sehuencas water frog
Romeo & Juliet: Love at First Swim
Perhaps the only frog more famous than Romeo the Sehuencas Water Frog is Kermit, and both have had their romantic escapades strewn across the headlines. Though for different reasons—a stubborn pig versus a 10-year streak of bachelorhood.
In 2009, a team of biologists in Bolivia brought in from the field a single male Sehuencas Water Frog—Romeo. They had hoped to create a conservation breeding program for the traditionally common species ahead of population declines they were seeing with other frogs. Ten years later and Re:wild partner Museo de Historia Natural Alcide d’Orbigny’s Centro K’ayra and other researchers had not been able to locate a single other individual Sehuencas Water Frog—male or female. At the same time, Romeo had given up hope, and stopped calling for a mate.
Finding a #Match4Romeo
So we did for Romeo what most singles do today in search of a partner: we set up a dating profile! Thanks to Match, the world’s largest relationship company, Romeo had a dating profile complete with a video showing all his best sides (of course!), posted just in time for Valentine’s Day in 2018.
As a result, Re:wild and the museum were able to raise $25,000 to send expeditions into the remote streams of Bolivia in search, again, for individual Sehuencas Water Frogs. And this time? Success! The team rediscovered the Sehuencas Water Frog in the wild, including a Juliet for Romeo, and four other frogs. Juliet now lives with Romeo in an aquarium at the museum’s K’ayra Center.
Now the museum has a conservation breeding program for the Sehuencas Water Frog, and if the celebrity couple or another pair get in the amorous mood, they will help save their species from extinction. Someday we hope to be able to return Romeo and Juliet’s progeny to the wild—giving them a much happier ending than their Shakespearean namesake.
The Last of His Kind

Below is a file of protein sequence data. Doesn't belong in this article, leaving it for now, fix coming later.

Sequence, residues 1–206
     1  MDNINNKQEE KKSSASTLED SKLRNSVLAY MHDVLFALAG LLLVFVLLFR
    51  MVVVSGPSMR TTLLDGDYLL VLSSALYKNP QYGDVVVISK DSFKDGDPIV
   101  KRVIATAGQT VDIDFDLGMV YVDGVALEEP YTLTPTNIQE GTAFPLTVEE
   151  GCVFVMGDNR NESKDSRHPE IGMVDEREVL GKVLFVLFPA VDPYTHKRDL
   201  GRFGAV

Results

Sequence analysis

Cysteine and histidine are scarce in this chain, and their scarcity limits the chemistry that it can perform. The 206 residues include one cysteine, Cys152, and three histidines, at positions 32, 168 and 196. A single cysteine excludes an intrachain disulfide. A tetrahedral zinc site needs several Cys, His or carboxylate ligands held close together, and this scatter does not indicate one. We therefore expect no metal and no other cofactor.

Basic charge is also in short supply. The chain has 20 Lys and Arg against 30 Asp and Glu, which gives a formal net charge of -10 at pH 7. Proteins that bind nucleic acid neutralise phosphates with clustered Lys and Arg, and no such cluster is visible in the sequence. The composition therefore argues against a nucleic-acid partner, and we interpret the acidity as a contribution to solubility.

The Sehuencas Water Frog is previously known from fewer than 10 locations, but was once found in abundance in small streams of the montane cloud forest in Bolivia that the species calls home. Researchers suspect that the combination of the deadly amphibian chytrid fungus, the introduction of trout, habitat loss, pollution and climate change have resulted in sharp declines in multiple water frog species across Bolivia, Ecuador and Peru, and are suspected causes of the decline of the Sehuencas Water Frog.
Saving Sehuencas Water Frogs from the Brink
Ultimately the Sehuencas Water Frog project aims to save this species from extinction through a conservation breeding program and habitat protection. If natural breeding fails, the project may have to turn to emerging artificial reproductive technologies.
The project’s goals include:
Creating a conservation breeding program with the Sehuencas Water Frogs currently living at the Alcide d’Orbigny Natural History Museum in Bolivia.
Developing a biobank of sperm and other tissues from the individuals in captivity to be used in in-vitro fertilization in the case that natural breeding is not successful.
Understanding the specific drivers of the decline in aquatic frog species throughout the region to better protect those species that are left in the wild.